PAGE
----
Yes, that's the SwiftUI magic. Trust me. The framework identifies the storage location from the access pattern when constructing the view hierarchy, not the object identity. State is a struct, it doesn't even have a sense of identity.
Or do you mean that the second initial value is thrown away, then yes, the initial value is discarded in subsequent creation. You should provide the same value every time.
State is a struct that wraps a reference, and reading the wrappedValue reaches into the persistent underlying reference. When DashboardView is initialized the second time, the new value is not shoved into the persistent store; it is dropped on the floor.
In all seriousness, it does have a very consistent behaviour. Though most of the time you'd want to synchronize State during view events, like onAppear instead of the view initialization. So I find the manual initialization abhorrent on almost every occasion anyway.
Any consistent behavior you see is an accident. @State's initial value must be independent of any instance of the view. Chances are good this will be enforced at compile time when the necessary property wrapper functionality exists to do so.
Even if it’s not the intended way to initialize @State, it’s the obvious approach most users will reach for and far lighter weight than creating some sort of ObservableObject as storage just to be able to set an initial value.
Is that documented anywhere? I just re-read some of the documentation and I couldn't find it called out explicitly. I can't tell you how times I've heard it recommended to initialize state that way. If that behavior is discouraged, it may be worth explicitly calling it out because, at least in the swath of the iOS community I've interacted with, that's a pretty widely accepted way of doing things.
The cases where it will appear to work are in cases where you know the view will only really be created once, e.g. in a top level of a sheet, or an “editor” view where it’ll be removed from the hierarchy after editing. If you’re relying on the fact that view won’t be re-initialized, it’s probably fine?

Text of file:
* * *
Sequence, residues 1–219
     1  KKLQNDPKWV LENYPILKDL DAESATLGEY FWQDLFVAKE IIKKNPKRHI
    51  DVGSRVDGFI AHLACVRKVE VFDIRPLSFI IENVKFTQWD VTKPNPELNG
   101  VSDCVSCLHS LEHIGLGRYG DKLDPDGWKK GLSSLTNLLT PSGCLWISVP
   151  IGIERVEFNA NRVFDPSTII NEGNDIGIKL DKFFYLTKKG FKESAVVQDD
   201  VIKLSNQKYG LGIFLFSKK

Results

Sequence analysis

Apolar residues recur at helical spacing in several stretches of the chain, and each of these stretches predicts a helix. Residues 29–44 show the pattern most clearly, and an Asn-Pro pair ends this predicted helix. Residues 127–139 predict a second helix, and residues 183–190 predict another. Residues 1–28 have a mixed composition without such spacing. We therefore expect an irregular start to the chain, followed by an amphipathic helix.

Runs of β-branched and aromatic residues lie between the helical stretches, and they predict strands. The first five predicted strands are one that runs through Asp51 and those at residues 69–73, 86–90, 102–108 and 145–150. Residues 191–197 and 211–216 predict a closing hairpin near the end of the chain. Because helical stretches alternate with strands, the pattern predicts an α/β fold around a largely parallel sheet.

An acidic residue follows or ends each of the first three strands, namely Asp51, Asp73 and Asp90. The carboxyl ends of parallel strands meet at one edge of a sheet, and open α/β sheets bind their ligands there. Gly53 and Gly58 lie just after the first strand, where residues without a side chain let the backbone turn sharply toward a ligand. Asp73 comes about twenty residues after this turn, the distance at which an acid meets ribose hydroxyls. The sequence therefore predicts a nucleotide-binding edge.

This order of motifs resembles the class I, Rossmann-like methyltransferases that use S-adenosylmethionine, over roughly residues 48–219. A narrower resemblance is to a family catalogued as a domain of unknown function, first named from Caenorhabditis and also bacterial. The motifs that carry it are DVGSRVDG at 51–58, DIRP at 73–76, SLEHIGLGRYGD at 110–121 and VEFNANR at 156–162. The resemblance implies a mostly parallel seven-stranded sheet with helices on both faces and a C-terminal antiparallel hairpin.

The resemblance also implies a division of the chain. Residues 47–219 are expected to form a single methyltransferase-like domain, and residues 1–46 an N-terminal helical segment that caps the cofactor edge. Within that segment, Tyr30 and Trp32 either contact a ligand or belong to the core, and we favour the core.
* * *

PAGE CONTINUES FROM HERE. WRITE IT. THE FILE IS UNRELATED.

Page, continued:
I’ve used this pattern in exactly these circumstances, i.e. in the top-level view in a sheet where the initial state comes from the outside, but where the state is thereafter owned and managed by the view. Why does this only ”appear to work”? What could go wrong that I’m not aware of? And what should I use instead?
wow.. just... wow. I expected to come back to a bunch of replies about.. you know.. the actual problem I posted (default init scope) and I come back to a hijacked discussion about swiftui state var behavior. Do I need to start a new post all over again? This is why swift's official github repo needs an issues section instead of this forum.
Nah you're right. Sorry for the over-the-top response. I'll dive more into the post referenced. It seems still a bit overkill for what I was after, just a basic almost C++ - like scope control over the default memberwise constructor
Btw you can generate the memberwise initializer via Xcode (right click on type > Refactor > Generate Memberwise Initializer) so you don’t have to write one out manually in this case. You can then tweak it as per your needs.
What, then, is the correct way to create a public initializer for a public view whose state variables are private and where the caller would like to specify an initial value for those variables?
Or are you saying that because they are private, the caller shouldn't know about them, the initializer shouldn't expose them, and that they should always have a default value? And if the caller really does need to know about them and supply a value that they should @Bindings instead of @State?
Multiple SwiftUI views have multiple initializers for multiple purposes. How do I create my own view that has a decent API with multiple initializers and accepts a BINDING in one case and no binding in another? I don't want to write self._binding = binding because it is obviously not an officially correct way, it is underscored.